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sunandshadow

Your ideal game story to play?

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This is partly based on the idea of what a 'game fore writers' would be like, and partly based on my own realization that the problem with interactive stories is that it's relatively fun and easy to write one suited to yourself, but mystifying to try to write one that would please and satisfy a different type of person. So here's the actual question - imagine you are playing a game with a very flexible interactive story. Ignore what the gameplay would be like, it's irrelevant. 1. Who would you want to be in the gameworld? Age, gender, appearance, race, culture, job, backstory and personal goals. Feel free to list multiple options, maybe you can try a different one each time you replay the game. 2. Who would you want to interact with in the gameworld? This can be a love interest, a best friend, a comic relief traveling companion, a recurring enemy, or a faction/culture. Describe as many as you want.

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Well, ignoring the obvious reality that you can't please all the people all of the time and thus even hallmark games like Half Life 1 will still be disliked by some, I don't agree with your premise "that it's relatively fun and easy to write one suited to yourself, but mystifying to try to write one that would please and satisfy a different type of person."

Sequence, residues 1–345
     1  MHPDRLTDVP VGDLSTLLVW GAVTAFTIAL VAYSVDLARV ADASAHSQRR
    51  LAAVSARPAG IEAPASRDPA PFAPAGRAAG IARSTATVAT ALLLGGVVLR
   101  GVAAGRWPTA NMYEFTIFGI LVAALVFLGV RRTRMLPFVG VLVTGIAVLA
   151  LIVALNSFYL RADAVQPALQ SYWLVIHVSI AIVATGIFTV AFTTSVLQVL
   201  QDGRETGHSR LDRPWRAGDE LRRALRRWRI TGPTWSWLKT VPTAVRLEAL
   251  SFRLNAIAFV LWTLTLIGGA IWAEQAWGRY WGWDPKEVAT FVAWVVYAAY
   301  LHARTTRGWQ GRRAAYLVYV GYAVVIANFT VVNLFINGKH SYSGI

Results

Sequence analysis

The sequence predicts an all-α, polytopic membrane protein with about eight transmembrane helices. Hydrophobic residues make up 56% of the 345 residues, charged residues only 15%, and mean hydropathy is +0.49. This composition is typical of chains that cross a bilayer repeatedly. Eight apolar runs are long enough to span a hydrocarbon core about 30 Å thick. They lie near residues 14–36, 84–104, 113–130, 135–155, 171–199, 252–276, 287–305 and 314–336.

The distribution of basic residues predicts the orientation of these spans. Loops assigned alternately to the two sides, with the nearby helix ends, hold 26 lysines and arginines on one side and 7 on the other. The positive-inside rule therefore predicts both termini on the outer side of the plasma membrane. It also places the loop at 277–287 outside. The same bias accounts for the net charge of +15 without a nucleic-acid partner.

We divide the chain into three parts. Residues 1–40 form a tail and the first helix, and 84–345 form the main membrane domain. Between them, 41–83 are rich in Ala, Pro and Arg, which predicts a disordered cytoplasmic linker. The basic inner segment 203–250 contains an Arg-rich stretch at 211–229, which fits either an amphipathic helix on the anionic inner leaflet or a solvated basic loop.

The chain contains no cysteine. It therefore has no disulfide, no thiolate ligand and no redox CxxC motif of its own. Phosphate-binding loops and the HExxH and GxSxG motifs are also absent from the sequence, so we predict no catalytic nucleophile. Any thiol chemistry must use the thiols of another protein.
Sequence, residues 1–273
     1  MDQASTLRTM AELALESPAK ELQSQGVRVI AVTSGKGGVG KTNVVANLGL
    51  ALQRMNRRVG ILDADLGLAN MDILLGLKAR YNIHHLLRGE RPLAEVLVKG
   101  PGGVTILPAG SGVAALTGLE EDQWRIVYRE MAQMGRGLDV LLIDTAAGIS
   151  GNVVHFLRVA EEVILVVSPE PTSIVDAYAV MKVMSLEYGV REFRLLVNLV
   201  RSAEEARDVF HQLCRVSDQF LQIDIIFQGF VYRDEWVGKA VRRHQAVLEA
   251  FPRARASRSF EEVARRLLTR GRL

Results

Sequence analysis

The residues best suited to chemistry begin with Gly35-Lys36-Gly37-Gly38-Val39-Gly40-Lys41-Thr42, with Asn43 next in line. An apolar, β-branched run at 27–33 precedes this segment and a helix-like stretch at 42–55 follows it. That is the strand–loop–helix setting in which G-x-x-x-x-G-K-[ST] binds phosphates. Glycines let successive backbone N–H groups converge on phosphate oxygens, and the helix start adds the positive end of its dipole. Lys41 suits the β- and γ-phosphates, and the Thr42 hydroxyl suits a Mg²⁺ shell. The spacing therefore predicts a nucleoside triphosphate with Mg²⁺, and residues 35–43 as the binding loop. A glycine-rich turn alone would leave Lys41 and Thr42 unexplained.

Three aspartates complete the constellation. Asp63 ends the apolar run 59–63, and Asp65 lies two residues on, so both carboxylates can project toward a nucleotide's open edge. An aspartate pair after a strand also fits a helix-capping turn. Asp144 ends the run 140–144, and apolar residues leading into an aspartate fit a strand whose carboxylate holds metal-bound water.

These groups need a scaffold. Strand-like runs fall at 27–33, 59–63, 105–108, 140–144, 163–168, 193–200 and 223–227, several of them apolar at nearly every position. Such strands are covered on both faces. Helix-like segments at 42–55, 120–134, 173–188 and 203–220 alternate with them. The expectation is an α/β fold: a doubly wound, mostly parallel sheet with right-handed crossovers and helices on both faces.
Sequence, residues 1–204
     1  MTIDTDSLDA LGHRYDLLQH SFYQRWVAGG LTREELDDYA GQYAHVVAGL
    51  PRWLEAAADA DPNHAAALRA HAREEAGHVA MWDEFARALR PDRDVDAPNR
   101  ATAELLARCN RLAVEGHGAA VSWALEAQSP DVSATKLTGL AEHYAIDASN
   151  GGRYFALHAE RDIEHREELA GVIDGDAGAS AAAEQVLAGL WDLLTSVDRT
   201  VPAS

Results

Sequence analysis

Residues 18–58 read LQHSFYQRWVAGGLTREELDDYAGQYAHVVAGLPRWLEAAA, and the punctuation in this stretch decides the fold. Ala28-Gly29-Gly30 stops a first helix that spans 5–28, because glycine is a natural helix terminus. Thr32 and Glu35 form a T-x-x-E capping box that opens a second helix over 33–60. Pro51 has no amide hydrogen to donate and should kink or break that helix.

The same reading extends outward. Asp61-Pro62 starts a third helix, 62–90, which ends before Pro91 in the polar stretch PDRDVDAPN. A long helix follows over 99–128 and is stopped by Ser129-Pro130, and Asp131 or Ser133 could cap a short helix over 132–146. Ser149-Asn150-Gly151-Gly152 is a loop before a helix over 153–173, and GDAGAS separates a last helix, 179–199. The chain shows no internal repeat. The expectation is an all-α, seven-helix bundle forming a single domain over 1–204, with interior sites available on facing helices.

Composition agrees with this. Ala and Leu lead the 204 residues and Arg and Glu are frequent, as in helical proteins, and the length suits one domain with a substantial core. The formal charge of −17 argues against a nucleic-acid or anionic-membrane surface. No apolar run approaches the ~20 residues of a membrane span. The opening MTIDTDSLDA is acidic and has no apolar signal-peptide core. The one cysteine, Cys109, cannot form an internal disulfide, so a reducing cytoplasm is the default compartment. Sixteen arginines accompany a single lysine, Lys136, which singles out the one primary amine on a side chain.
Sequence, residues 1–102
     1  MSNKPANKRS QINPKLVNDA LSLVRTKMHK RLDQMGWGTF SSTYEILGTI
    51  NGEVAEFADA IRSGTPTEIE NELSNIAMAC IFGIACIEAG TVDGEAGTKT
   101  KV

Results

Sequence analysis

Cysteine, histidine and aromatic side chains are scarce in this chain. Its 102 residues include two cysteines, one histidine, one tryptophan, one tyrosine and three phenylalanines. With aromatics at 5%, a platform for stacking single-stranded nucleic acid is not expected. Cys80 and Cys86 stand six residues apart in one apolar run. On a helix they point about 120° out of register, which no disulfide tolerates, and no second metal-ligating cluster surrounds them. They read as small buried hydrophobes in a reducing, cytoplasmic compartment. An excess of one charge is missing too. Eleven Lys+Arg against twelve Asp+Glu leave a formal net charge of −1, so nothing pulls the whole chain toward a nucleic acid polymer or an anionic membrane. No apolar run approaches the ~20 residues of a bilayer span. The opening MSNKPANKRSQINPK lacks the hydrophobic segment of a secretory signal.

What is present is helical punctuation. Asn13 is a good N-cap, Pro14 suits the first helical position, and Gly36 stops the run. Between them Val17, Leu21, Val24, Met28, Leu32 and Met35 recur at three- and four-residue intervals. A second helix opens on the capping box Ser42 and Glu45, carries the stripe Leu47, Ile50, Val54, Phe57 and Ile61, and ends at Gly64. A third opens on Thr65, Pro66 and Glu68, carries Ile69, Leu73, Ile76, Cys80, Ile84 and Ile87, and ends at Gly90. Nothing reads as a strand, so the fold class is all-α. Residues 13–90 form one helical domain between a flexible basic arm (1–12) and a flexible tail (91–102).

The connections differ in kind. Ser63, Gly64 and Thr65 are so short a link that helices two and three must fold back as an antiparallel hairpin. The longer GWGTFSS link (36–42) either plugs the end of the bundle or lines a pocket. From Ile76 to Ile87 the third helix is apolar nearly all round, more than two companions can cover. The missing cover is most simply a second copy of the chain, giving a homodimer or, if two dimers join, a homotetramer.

If you're a good writer and can script an interactive story that you enjoy, then I believe it will have broad appeal. People overestimate just how good a story needs to be for a video game. Indeed, because games are interactive, things like originality rank extremely low on the list of things to get right. What ranks high is execution.

Going back to Half Life 1... the story is actually full of cliches... secret government lab experiment gone wrong, monsters start to invade, only you can save the world, the military is out to get you too... etc. But Half Life 1 succeeded in making the realm seem real, making your character seem apart of that realm, and making the choices available to the player seem reasonable. All that along with great direction (pacing of the story, the different "acts", scripted events, art style and level design, etc) In fact as you recall, Half Life 1 started out very much like a movie with you riding the tram into work while the opening credits rolled by.